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Working Side by Side to Help Rural Rwanda: The Masaro Project by the GA Collaborative

This captivating story landed in my mailbox two weeks ago from Michael Beaman of the GA Collaborative – a non profit organization composed of designers and educators from Syracuse, Harvard and RISD – in Boston and Syracuse, New York.  I was so moved after reading about this compassionate effort to improve living conditions in rural Rwanda that I’m delighted to share it.  I hope this project will inspire more efforts like it around the world and here at home in the United States.

Launched in 1996, the Imidugudu program, which relocates rural and low-income settlement dwellers into planned housing developments, has begun to reshape both urban and rural landscape in Rwanda. Under this program, current land owners can trade their property for housing plots, leaving many renters to search outside cities and villages for shelter. In rural areas, those living in the dispersed settlements are now being congregated to flattened sites, often away from their families, jobs, and the relationship they have developed with the landscape that formed out of an agrarian tradition. The Imidugudu program has been both controversial and transformative. Often left out of the equation however are low-income Rwandans who either do not own land or can not afford to resettle.

The act of planning, designing, and constructing housing in Rwanda is an act of engaging the Rwandans’ right to space. GA Collaborative, a design nonprofit organization comprised of practitioners and educators has been researching viable housing models for Rwanda with this in mind. At the core of GA Collaborative’s mission is that all have the right to benefit from design. Since 2008, GA Collaborative has been working with villagers in Masoro, Rwanda to design housing and accompanying gathering spaces.

The Masoro Village Project was initiated to bring design thinking to Masoro in the form of new housing. The first house built in 2013 used low-impact building materials, engaged both skilled and unskilled local labor, and was a vehicle to test and teach building techniques new to Rwanda.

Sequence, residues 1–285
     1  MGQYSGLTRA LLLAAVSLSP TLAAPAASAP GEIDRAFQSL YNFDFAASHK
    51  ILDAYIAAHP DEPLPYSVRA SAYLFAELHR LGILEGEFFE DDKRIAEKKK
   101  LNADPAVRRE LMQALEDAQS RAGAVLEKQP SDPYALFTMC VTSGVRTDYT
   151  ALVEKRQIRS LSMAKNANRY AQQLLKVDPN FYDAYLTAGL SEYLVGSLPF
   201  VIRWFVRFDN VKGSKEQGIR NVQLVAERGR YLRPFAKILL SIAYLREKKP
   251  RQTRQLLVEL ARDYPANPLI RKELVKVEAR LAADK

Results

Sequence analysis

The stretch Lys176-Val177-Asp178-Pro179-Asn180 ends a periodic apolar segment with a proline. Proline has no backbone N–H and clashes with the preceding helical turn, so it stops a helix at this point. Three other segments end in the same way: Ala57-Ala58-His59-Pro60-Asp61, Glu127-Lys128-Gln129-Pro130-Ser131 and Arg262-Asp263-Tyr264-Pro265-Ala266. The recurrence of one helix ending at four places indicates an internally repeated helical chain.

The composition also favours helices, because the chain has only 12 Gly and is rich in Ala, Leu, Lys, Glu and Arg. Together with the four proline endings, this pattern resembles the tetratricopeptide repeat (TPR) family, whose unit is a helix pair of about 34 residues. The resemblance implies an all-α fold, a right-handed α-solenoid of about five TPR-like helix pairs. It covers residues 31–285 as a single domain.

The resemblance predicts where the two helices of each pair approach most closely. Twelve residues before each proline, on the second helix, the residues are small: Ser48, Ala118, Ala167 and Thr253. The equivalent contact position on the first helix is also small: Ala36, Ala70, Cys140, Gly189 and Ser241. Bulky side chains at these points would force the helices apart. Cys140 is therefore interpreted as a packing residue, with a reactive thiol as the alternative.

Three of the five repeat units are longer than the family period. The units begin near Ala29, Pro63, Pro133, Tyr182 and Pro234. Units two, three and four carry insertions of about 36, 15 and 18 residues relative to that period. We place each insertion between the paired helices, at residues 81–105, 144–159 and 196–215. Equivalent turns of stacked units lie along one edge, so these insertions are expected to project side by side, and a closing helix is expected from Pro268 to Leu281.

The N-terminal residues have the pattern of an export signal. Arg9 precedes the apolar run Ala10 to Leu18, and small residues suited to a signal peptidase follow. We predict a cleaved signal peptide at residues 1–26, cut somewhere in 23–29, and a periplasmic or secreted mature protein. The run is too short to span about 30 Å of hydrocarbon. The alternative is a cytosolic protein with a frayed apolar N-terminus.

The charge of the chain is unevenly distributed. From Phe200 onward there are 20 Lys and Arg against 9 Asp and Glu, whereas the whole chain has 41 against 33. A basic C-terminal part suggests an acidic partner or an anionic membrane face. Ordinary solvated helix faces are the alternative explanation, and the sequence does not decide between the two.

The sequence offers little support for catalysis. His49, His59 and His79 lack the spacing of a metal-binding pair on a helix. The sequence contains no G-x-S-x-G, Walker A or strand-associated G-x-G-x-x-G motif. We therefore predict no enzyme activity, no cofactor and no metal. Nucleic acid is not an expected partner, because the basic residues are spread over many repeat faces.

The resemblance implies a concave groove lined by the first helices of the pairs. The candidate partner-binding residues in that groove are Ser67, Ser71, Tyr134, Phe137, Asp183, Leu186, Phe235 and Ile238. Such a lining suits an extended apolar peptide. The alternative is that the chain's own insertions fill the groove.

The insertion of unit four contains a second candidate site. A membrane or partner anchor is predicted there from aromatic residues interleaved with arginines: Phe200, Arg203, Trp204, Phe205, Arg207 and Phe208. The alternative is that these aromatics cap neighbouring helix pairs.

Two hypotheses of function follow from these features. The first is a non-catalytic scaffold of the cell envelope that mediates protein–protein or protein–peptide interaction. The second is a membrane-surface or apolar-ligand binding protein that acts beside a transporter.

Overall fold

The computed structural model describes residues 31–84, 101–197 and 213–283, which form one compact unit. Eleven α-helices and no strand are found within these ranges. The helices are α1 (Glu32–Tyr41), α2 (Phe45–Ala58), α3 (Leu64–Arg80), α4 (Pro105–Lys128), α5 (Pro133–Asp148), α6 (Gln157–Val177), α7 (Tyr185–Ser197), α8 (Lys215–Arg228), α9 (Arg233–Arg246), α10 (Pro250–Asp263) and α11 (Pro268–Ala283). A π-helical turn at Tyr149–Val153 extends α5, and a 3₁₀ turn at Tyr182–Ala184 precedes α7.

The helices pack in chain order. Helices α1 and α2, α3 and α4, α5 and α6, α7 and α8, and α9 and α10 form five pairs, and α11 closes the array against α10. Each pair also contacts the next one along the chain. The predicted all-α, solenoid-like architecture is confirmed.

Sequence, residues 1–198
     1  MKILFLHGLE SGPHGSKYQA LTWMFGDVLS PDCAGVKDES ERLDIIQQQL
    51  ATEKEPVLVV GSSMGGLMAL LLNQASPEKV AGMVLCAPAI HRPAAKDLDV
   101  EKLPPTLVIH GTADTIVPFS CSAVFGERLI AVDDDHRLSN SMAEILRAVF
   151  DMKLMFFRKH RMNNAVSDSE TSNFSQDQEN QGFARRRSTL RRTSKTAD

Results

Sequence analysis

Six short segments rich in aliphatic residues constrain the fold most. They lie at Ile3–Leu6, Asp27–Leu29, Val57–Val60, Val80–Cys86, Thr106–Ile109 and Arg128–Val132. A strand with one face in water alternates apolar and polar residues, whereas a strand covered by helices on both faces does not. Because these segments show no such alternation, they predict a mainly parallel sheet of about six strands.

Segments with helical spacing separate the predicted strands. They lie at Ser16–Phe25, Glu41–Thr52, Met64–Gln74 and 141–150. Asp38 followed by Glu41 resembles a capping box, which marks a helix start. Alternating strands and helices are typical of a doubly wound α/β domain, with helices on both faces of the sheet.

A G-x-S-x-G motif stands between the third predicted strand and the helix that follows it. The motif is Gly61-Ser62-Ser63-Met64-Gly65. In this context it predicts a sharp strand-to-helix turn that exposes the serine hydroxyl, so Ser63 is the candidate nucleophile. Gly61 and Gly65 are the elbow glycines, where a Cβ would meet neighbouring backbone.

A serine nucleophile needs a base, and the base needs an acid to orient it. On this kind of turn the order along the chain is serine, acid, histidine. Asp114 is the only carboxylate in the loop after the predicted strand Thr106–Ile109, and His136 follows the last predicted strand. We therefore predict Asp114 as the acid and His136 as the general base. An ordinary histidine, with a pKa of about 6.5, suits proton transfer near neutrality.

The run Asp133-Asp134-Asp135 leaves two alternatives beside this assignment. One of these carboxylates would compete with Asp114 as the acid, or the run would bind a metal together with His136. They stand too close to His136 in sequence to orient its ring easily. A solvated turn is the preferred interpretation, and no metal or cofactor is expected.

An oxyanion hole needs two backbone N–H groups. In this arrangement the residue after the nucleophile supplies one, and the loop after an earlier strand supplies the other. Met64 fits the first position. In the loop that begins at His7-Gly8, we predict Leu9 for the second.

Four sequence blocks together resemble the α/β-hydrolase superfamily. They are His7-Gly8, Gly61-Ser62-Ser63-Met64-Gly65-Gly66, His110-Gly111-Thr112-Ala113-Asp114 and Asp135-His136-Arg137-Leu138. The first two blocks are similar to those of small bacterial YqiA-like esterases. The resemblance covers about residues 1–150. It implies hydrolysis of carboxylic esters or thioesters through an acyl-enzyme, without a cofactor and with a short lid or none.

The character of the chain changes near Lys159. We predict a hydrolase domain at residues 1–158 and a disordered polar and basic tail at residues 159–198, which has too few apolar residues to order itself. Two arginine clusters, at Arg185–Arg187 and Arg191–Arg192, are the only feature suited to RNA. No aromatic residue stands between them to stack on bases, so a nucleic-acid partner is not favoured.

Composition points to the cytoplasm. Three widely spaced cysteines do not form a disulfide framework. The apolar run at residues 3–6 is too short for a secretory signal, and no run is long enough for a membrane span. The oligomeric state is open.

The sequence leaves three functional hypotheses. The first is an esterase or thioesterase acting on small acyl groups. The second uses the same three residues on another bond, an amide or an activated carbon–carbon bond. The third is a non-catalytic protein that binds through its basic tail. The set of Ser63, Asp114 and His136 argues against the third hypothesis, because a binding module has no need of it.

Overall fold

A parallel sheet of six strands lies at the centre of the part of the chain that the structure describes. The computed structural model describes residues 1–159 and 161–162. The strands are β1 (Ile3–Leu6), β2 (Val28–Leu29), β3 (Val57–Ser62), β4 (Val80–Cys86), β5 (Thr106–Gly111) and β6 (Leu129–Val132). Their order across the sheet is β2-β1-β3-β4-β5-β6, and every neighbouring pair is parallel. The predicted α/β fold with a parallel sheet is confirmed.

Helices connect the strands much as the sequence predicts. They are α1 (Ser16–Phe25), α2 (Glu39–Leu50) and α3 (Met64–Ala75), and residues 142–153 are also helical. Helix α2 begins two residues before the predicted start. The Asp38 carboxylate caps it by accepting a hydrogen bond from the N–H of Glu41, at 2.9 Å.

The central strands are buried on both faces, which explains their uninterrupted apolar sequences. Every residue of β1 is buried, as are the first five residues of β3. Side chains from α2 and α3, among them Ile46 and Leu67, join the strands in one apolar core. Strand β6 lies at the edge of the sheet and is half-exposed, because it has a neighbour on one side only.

Committed to reduce importation of construction materials, GA Collaborative introduced EarthBags construction, the first application of its kind in Rwanda. EarthBags, originally developed as a military bunker construction technique, are woven polypropylene bags comprised of three chambers which can be packed with excavated earth and used to form stable load bearing walls. To teach villagers how to construct stable structures using the EarthBag technique, GA Collaborative invited an EarthBag building expert to conduct a month-long workshop. Earthbag construction is comprised mainly from soil on site which reduces transportation and material costs. GA Collaborative also worked with villagers to leverage local weaving techniques to create design solutions at an architectural scale. Beyond generating visual separations between kitchen, front terrace and bath, the woven screens break down many of the gender roles associated with building construction in Rwanda.

To sustain the newly gained knowledge within the country, GA Collaborative worked closely with local architecture students from the Kigali Institute of Science and Technology who were involved with the project at each stage, and worked side-by-side with the villagers. The project has had wide support throughout Masoro where villagers are now planning additional EarthBag buildings and teaching others these new construction skills.

The Masaro Project team has completed one of fifty planned houses and  are currently fundraising for the second house. Please consider donating to this cause. For more information please visit the following link:

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Project Credits

Name and Location:
Masoro Village Project
Masoro Sector, Rulindo District, Northern Province, Rwanda

S 01° 49’ 52”
E 30° 03’ 31”

Architectural Design Firm:
GA Collaborative

Design Team:
Yutaka Sho, designer and construction manager, GA Collaborative
James Setzler, designer and construction manager, GA Collaborative
Michael Beaman, designer and graphics, GA Collaborative
Zaneta Hong, designer and graphics, GA Collaborative
Killian Doherty, KD|AP, consultant

Rwandan architecture student partners from the Kigali Institute of Science and Technology (KIST):
Theophile Uwayezu
Doreen Ingabire
Rene Isabane
Patrice Ndababonye

Categories: Architecture, Sustainability, Uncategorized
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